Just watched the blu-ray. I have to say I’m a little baffled that Malcolm Tucker is the only character that carried over completely from the show - the rest of them are just renamed versions of their TV characters. Strange.
Jerri, it seems to me that Iannucci has such a distinct style that he wanted to work with some familiar actors who were already accustomed to it. But I think one of the wonderful things about In the Loop is how he also managed to get a great cast of new American actors, especially Mimi Kennedy and James Gandolfini. I also really liked Anna Chlumsky and the guy who played the assistant secretary of state, Linton (David Rasche).
As for not being able to carry over the actual characters from Thick of It, that’s because they’re from a very different part of the British government. The characters from Thick of It are from some piddling domestic affair ministry that no one cares about. But the characters from In the Loop are from a foreign development ministry, which is a prominent part of the plot. Since Malcolm Tucker is the Prime Minister’s representative, he’s the only one who can be carried over intact.
On another note, a question for someone who knows more about British government than I do (that would be pretty much anyone): What was the deal with Foster being sent out to do constituent service? He’s the Minister for International Development. Do cabinet ministers in GB have geographic constituencies the way members of Congress do here? Or was that whole thing a contrivance?
Yes, they do. You’re elected MP in a specific geographic area. Gordon Brown is Member of Parliament for Kirkcaldy and Cowdenbeath, for example (PMs and party leaders usually stand in a party stronghold). He’s also a Cabinet Minister, which means he’s in charge of a certain government department and part of the Cabinet. As such that group essentially make all the important decisions.
They all have to do constituency work but Cabinet work takes priority so some ministers perform little work in their constituency. Anything Ianucci or his writers put in the script about government and the way it works will be more-or-less factual. Chap does his research.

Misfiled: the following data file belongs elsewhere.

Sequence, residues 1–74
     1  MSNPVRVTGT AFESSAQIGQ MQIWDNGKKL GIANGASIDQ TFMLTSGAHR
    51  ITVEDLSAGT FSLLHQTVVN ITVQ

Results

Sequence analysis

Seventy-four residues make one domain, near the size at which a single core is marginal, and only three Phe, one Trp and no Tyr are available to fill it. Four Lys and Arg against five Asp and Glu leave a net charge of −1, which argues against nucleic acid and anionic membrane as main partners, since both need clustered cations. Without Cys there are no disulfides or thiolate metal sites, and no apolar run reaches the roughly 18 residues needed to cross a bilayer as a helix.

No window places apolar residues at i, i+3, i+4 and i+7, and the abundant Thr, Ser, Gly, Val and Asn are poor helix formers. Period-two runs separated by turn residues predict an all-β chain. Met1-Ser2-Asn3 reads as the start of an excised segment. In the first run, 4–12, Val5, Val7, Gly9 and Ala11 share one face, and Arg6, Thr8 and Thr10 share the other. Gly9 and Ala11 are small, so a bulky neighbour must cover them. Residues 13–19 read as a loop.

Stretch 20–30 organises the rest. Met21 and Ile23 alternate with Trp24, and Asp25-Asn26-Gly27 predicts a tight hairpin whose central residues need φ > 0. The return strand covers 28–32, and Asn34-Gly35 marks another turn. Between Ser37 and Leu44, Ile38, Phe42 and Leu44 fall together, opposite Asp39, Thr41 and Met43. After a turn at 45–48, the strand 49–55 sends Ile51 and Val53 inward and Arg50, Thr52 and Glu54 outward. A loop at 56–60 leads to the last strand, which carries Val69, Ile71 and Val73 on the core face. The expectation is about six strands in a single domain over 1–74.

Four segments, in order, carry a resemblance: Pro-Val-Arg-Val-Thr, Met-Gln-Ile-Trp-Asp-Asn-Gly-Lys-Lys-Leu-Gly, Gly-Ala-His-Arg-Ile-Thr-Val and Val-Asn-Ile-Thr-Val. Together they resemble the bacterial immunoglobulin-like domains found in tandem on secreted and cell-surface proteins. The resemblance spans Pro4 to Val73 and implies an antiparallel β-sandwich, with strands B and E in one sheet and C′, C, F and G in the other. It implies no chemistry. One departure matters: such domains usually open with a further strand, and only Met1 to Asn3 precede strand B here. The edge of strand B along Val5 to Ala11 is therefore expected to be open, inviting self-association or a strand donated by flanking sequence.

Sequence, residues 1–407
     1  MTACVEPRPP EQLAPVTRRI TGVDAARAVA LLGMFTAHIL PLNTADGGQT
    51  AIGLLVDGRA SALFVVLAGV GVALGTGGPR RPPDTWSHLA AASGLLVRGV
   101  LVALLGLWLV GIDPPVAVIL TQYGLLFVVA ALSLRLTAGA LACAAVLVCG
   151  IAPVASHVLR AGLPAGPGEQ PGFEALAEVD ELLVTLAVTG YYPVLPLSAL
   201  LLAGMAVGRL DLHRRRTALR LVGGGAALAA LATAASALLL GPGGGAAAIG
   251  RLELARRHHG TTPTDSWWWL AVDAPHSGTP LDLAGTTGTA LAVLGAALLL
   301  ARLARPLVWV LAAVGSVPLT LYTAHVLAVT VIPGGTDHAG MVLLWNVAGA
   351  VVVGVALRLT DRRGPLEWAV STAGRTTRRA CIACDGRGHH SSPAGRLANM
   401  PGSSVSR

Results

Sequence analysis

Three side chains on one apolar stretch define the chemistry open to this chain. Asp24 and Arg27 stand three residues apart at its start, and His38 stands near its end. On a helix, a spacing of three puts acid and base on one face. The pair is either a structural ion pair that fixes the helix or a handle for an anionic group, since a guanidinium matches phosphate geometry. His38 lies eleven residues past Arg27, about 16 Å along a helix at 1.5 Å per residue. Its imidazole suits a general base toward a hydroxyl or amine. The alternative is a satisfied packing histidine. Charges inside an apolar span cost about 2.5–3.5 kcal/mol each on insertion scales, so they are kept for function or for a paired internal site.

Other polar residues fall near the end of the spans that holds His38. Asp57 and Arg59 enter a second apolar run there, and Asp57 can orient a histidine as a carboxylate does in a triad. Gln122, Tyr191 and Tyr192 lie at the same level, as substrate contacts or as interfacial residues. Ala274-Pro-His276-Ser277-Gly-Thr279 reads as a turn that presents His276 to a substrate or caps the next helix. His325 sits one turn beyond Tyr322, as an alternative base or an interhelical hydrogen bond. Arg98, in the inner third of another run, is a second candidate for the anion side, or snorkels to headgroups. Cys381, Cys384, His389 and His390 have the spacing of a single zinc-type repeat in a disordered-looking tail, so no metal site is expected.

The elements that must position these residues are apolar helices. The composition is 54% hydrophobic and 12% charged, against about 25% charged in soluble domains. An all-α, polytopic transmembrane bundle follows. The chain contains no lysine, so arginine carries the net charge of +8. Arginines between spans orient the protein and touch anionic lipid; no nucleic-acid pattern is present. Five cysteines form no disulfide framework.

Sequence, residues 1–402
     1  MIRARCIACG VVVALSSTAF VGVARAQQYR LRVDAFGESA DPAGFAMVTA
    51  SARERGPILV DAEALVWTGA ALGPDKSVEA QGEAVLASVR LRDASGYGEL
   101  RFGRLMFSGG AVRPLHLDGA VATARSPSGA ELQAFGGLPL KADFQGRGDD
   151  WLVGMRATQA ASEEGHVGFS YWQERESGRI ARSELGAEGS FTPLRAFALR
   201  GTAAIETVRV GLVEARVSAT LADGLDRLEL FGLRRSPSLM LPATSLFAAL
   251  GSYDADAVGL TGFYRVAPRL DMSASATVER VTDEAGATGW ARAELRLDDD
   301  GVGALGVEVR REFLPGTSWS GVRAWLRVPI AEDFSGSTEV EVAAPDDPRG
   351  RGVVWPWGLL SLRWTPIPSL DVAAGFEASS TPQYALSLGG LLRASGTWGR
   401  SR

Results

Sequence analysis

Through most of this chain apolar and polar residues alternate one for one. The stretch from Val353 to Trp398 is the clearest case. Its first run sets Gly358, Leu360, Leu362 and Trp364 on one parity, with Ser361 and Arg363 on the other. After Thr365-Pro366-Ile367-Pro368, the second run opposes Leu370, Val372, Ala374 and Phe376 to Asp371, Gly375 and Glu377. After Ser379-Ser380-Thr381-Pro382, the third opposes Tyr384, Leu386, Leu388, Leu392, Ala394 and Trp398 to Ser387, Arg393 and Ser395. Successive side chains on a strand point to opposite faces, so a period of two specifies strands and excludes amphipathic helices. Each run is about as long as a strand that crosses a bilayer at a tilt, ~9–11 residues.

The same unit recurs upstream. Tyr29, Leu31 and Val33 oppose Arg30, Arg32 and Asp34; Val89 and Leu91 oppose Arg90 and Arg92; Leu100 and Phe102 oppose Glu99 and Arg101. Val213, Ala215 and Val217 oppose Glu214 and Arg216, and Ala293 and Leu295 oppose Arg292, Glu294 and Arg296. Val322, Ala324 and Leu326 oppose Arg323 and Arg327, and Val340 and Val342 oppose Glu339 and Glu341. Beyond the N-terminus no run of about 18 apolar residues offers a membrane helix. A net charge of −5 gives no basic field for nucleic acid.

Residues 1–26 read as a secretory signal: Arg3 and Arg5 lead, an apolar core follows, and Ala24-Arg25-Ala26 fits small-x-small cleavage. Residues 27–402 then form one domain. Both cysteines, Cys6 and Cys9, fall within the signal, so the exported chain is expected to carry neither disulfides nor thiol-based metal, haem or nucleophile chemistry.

This film just keeps on giving, as a parody it is hilarious. I was told Alistair Campell, Tony Blair’s right hand man parodied as Malcolm Tucker, was REALLY that foul mouthed. I also spotted Paul Wolfowitz (actually you can’t miss him) and Clare Short, but I don’t know who Karen Clarke is supposed to be.
I thought the tone at the end is just right. After giving for more than an hour it sobered up, because going to war is nasty business.
Finally watched this, going in stone cold, and wow. Had to rewind it several times because I was laughing so hard, which hasn’t happened since Arrested Development was on.
It has the same things going for it that made the British version of The Office so brilliant. Especially the fact that when the characters say something fucked up or insult somebody it’s not treated as a punchline followed by a cut to another scene. Instead, you generally get to see them squirm as they are skewered.
If I had one problem with it, it’s that everyone is a genius at wordplay and insults, and it becomes a bit one-note after a while, with every major character managing to one-up everyone else in a similar biting style. It would have been nice if it held a little more tonal distance between the characters.